Drug Interactions: CNS Depressants: When barbiturates, opiates, general anesthetics, or other CNS depressants are administered concomitantly with magnesium sulfate, dosage of these agents must be carefully adjusted because of the additive central depressant effects.
Neuromuscular Blocking Agents: Excessive neuromuscular blockade has occurred in patients receiving parenteral magnesium sulfate and a neuromuscular blocking agent; these drugs should be administered concomitantly only with caution.
Cardiac Glycosides: Magnesium salts should be administered with extreme caution in digitalized patients, because serious changes in cardiac conduction, which can result in heart block, may occur if administration of calcium is required to treat magnesium toxicity.
Adverse Reactions: The adverse effects of parenterally administered magnesium usually are the result of magnesium intoxication. These include flushing, sweating, hypotension, depressed reflexes, flaccid paralysis, hypothermia, circulatory collapse, cardiac and CNS depression proceeding to respiratory paralysis. Hypocalcemia, with signs of tetany secondary to magnesium sulfate therapy for eclampsia, has been reported.
Symptoms And Treatment Of Overdose: Symptoms and Treatment: Magnesium intoxication is manifested by a sharp drop in blood pressure and respiratory paralysis. Disappearance of the patellar reflex is a useful clinical sign to detect the onset of magnesium intoxication. In the event of overdosage, artificial ventilation must be provided until a calcium salt can be injected i.v. to antagonize the effects of magnesium.
In adults, i.v. administration of 5 to 10 mEq of 10% calcium gluconate will usually reverse respiratory depression or heart block due to magnesium intoxication. In extreme cases, peritoneal dialysis or hemodialysis may be required.
Hypermagnesemia in the newborn may require resuscitation and assisted ventilation via endotracheal intubation or intermittent positive pressure ventilation, as well as i.v. calcium.
Dosage And Administration: Both i.v. and i.m. administration are appropriate. I.M. administration of the undiluted 50% solution results in therapeutic plasma levels in 60 minutes, whereas i.v. doses will provide a therapeutic level almost immediately. The rate of i.v. injection should generally not exceed 1.5 mL of a 10% concentration (or its equivalent)/minute, except in severe eclampsia with seizures.
Solutions for i.v. infusion must be diluted to a concentration of 20% or less prior to administration. The diluents commonly used are 5% Dextrose Injection USP and 0.9% Sodium Chloride Injection USP. Deep i.m. injection of the undiluted (50%) solution is appropriate for adults, but the solution should be diluted to a 20% concentration prior to such injection in children.
Magnesium Deficiency: In the treatment of mild magnesium deficiency, the usual adult dose is 1 g, equivalent to 8.12 mEq of magnesium (2 mL of the 50% solution) injected i.m. every 6 hours for 4 doses (equivalent to a total of 32.5 mEq of magnesium/24 hours). For severe hypomagnesemia, as much as 2 mEq (0.5 mL of the 50% solution)/kg of body weight may be given i.m. within a period of 4 hours if necessary. Alternatively, 5 g (approximately 40 mEq) can be added to 1 L of 5% Dextrose Injection USP or 0.9% Sodium Chloride Injection USP for slow i.v. infusion over a 3-hour period.
Total Parenteral Nutrition: In total parenteral nutrition, maintenance requirements for magnesium are not precisely known. The maintenance dose recommended for adults is 5 to 8 mEq magnesium/L of TPN solution; typical daily adult intake ranges from 10 to 24 mEq. For infants, the recommended intake ranges from 0.25 to 0.6 mEq/kg/day.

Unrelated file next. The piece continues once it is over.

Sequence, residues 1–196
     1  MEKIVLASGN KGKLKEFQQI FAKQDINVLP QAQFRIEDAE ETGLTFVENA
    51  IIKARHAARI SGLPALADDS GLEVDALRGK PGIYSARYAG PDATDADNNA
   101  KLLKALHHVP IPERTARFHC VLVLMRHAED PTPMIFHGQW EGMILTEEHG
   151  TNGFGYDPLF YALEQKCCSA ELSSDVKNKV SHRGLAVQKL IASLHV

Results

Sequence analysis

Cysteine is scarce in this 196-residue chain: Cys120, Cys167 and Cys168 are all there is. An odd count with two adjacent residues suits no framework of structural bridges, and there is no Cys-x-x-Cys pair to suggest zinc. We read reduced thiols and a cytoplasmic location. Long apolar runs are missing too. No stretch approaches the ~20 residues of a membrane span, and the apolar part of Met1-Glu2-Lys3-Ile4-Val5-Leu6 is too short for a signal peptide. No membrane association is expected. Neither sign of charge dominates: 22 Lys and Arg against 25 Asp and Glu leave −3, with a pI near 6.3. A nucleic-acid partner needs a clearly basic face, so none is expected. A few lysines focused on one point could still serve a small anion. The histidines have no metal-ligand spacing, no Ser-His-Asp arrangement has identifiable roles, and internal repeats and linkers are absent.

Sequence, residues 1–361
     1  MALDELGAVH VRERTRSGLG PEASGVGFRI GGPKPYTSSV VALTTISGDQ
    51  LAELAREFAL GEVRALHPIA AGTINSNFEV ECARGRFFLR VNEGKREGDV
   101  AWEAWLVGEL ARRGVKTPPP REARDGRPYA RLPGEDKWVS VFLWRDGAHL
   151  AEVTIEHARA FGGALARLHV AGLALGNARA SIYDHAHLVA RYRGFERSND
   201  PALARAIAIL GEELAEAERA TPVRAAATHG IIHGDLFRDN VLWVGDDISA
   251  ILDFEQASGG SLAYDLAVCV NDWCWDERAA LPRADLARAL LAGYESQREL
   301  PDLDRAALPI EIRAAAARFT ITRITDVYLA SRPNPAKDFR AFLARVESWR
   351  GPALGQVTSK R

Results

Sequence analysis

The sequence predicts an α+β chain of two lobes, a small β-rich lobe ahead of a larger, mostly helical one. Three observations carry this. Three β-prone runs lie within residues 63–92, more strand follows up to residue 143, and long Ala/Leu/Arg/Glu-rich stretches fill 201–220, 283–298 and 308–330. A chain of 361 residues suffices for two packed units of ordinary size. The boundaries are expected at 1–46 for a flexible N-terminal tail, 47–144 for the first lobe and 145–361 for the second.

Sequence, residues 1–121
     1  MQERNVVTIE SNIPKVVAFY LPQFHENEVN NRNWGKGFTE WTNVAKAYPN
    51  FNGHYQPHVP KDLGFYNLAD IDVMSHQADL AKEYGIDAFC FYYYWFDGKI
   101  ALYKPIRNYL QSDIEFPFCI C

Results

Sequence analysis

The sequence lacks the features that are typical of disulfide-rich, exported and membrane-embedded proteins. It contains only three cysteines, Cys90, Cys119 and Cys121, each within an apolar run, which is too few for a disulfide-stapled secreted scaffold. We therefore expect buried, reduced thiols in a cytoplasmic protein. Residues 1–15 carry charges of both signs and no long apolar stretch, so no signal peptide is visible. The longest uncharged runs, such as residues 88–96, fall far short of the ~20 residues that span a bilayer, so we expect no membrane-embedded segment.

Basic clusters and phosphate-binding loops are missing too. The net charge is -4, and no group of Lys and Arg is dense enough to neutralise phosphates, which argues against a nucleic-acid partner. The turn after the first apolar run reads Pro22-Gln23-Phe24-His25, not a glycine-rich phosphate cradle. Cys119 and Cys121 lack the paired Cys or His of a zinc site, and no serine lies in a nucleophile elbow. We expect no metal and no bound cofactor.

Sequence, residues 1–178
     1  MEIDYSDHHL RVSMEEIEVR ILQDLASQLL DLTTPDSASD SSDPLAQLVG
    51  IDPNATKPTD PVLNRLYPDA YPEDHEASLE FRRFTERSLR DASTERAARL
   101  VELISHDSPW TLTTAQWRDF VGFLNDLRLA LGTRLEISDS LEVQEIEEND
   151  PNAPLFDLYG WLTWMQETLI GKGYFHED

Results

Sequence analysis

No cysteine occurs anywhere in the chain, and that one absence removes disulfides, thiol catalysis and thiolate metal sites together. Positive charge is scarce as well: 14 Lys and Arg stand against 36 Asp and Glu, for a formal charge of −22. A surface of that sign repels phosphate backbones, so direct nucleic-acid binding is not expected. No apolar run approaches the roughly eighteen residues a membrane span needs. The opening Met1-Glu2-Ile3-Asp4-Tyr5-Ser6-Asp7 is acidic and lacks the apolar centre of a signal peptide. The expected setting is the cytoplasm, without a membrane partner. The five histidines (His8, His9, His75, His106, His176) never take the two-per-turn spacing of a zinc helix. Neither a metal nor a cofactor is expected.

Eclampsia: In severe pre-eclampsia or eclampsia, the total initial dose is 10 to 14 g of magnesium sulfate. I.V., a dose of 4 to 5 g in 250 mL of 5% Dextrose Injection USP or 0.9% Sodium Chloride Injection USP may be infused. Simultaneously, i.m. doses of up to 10 g (10 mL of the undiluted 50% solution in each buttock) are given. Alternatively, the initial i.v. dose of 4 g may be given by diluting the 50% solution to a 10 or 20% concentration; the diluted fluid (40 mL of a 10% solution or 20 mL of a 20% solution) may then be injected i.v. over a period of 3 to 4 minutes. Subsequently, 4 to 5 g (8 to 10 mL of the 50% solution) are injected i.m. into alternate buttocks every 4 hours, depending on the continuing presence of the patellar reflex and adequate respiratory function. Therapy should continue until paroxysms cease. A serum magnesium level of 6 mg/100 mL is considered optimal for control of seizures. A total daily (24 hour) dose of 30 to 40 g should not be exceeded and less should be used if the patient is anuric.
Nephritic Seizures: In children with nephritic seizures, the 50% concentration should be diluted to a 20% solution for i.m. injection. The dose for children is 20 to 40 mg (0.1 to 0.2 mL of a 20% solution)/kg of body weight, administered i.m. as needed, to control seizures.
Stability and Storage: Store at controlled room temperature (15 to 30°C).
Parenteral drug products should be inspected visually for particulate matter and discoloration prior to administration, whenever solution and container permit.
Do not administer unless solution is clear and container is undamaged. Discard unused portion.
Availability And Storage: Each mL contains: magnesium sulfate 500 mg. May contain sulfuric acid and/or sodium hydroxide for pH adjustment. The pH is 6.0 (5.5 to 7.0). The 50% concentration has an osmolarity of 4.06 mOsm/mL (calc.). The solution contains no bacteriostat, antimicrobial agent or added buffer (except for pH adjustment). Any unused portion remaining in container should be discarded within 24 hours of initial use. Ampuls of 10 mL, boxes of 25. Also supplied, syringes of 5 and 10 mL, boxes of 10.
MAGNESIUM SULFATE Abbott Anticonvulsant – Electrolyte Replenisher